640--Adjustable cheese side support stud
642--Adjustable cheese support
644--Adjustable cheese support stud
700--Cutter retaining system
710--Bead retainer saddle
712--Hanger hole (elliptical or square)
718--Hanger bolt flat
720--Hanger bolt flat
722--Hanger bolt tensioning wing nut
724--Slot in screw to pass wire
726--Bead support saddle in hanger bolt
728--Scale on vertical leg
732--Wire locator slot, corresponding scale number
734--Wire locator slot, corresponding scale number
738--Scale on vertical leg
740--Scale on horizontal leg
744--Wire location slots corresponding to scale number
746--Scale, pivoting harp upper horizontal member
747--Scale, pivoting harp lower horizontal member
752--Wire location groove
754--Wire locator groove
758--Bead retainer saddle
802--Safety shield attached to 402 by shield retainers
808--Safety shield attached to 414 by shield retainers
814--Safety shield attached to 604 by shield retainers
820--Safety shield attached to 602 by shield retainers
850--Locking hole in pivoting harp mounting extension 612
852--Locking hole in frame to harp mounting leg
854--Locking hole in frame to harp mounting leg
860--Locking pin retaining cable
862--Locking pin retaining cable hole
864--Ball plunger mounted in 610
866--Ball plunger spring
868--Ball plunger retainer hole
The cheese cutter shown in FIG. 1, comprises a frame 200, made up of frame longitudinal members 202 and 204, attached to frame cross members 206, 208 and 210.
Rubber doughnut feet 212, 214, 216 and 218 are bolted to each end of the cross members 206 and 210.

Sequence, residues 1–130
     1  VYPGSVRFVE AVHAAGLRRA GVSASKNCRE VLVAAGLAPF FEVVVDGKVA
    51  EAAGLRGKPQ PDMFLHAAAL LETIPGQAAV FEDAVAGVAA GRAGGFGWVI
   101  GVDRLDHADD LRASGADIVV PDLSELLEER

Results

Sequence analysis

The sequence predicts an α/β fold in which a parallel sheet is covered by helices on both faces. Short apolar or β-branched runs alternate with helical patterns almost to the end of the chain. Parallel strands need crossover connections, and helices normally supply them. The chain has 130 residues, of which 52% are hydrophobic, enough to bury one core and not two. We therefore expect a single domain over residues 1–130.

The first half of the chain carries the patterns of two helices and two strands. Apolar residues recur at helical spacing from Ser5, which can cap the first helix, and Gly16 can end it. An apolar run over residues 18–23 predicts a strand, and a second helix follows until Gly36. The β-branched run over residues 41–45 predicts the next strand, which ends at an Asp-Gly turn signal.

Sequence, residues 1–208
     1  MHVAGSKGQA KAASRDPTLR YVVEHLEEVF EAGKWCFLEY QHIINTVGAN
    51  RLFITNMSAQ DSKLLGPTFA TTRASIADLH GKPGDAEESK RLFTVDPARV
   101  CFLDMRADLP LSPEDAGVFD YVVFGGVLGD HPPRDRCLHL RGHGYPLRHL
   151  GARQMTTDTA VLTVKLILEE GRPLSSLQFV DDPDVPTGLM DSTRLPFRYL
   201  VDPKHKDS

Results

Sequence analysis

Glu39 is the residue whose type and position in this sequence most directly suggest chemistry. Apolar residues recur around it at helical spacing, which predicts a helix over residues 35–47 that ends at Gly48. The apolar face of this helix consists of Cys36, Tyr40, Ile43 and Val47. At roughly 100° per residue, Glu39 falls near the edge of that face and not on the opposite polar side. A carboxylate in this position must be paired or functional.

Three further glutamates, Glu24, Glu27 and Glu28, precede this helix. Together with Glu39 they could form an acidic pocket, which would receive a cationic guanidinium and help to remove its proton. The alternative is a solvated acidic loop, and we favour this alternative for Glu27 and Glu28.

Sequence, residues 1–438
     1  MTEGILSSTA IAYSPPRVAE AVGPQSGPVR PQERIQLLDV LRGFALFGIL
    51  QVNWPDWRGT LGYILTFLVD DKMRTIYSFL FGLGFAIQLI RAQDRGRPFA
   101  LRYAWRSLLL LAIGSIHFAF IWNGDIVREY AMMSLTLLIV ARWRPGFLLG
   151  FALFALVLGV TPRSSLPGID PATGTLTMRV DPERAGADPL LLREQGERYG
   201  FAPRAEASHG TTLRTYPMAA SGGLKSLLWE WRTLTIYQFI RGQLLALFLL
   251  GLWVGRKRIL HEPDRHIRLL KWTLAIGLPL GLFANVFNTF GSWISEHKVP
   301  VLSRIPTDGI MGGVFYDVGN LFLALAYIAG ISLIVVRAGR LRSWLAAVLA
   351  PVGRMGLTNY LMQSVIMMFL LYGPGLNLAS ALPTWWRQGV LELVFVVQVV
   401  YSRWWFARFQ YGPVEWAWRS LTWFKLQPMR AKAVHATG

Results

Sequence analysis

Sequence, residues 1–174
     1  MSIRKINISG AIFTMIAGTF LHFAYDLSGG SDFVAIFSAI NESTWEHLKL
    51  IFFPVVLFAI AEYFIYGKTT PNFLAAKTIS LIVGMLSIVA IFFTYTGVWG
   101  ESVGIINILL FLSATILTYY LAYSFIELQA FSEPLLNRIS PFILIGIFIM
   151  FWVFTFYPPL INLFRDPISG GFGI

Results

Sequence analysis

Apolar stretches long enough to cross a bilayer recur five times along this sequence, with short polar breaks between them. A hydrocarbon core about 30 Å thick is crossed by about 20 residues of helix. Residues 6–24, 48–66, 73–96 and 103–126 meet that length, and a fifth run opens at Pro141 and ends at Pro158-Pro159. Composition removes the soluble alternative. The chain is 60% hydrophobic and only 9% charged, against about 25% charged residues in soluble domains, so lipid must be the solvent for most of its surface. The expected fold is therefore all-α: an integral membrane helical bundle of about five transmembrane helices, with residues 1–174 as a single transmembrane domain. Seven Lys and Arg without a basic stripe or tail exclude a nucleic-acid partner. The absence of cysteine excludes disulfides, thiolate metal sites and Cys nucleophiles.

Attached to and extending upward from cross member 206 is fixed carriage stop 220 not shown. Attached to and extending upward from cross member 210 is adjustable carriage stop 222.
Cross member 208 is slotted to provide cutter wire support slots 224. Those slots can best be seen in FIG. 3. Bead retaining saddles 225 are formed in the end of the slots to hold the cutter wires.
Carriage support rails 226 and 228 are affixed to cross members 206, 208 and 210.
Carriage 300 is mounted on rails 226 and 228 and is moveable back and forth on those rails in the space limited by fixed stop 220 and adjustable stop 222.
The carriage is supported on the rails by carriage support bearings 302, 308, 310 and 312. Mounted at the four corners of carriage 300. The bearings are of a low friction material and are slotted 306 to drop over rails 226 and 228 so the carriage can be lifted off the rails to be cleaned. Two of the bearings 302 and 308 can be seen in FIG. 2.
Bearings are attached to the carriage by bolts 304.
The carriage has a horizontal surface 314 and a vertical surface 322. The horizontal surface 314 is slotted with parallel slots 316 to allow passage of the carriage past the vertical cutter wires mounted to the frame and to the top of the fixed harp, as the carriage is moved back and forth on the rails. The carriage is best shown in FIG. 2.
The horizontal surface 314 also has a pair of holes 318 and 320 to attach a drive rope. The holes on the horizontal surface effect a moment arm to exert torque to hold the carriage down on its bearings as the carriage is pulled forward and is torqued upward by the force of the wires cutting the cheese block.
The vertical surface 322 has sides 324 extending outward to retain vertical cheese support 328. Vertical cheese support 328 is a slotted block of a chemically and physiologically inert material. The horizontal surface 314 supports several blocks of the same material 326.
The horizontal cheese support member comprises several slotted blocks. The number of blocks is determined by the size of cheese blocks desired.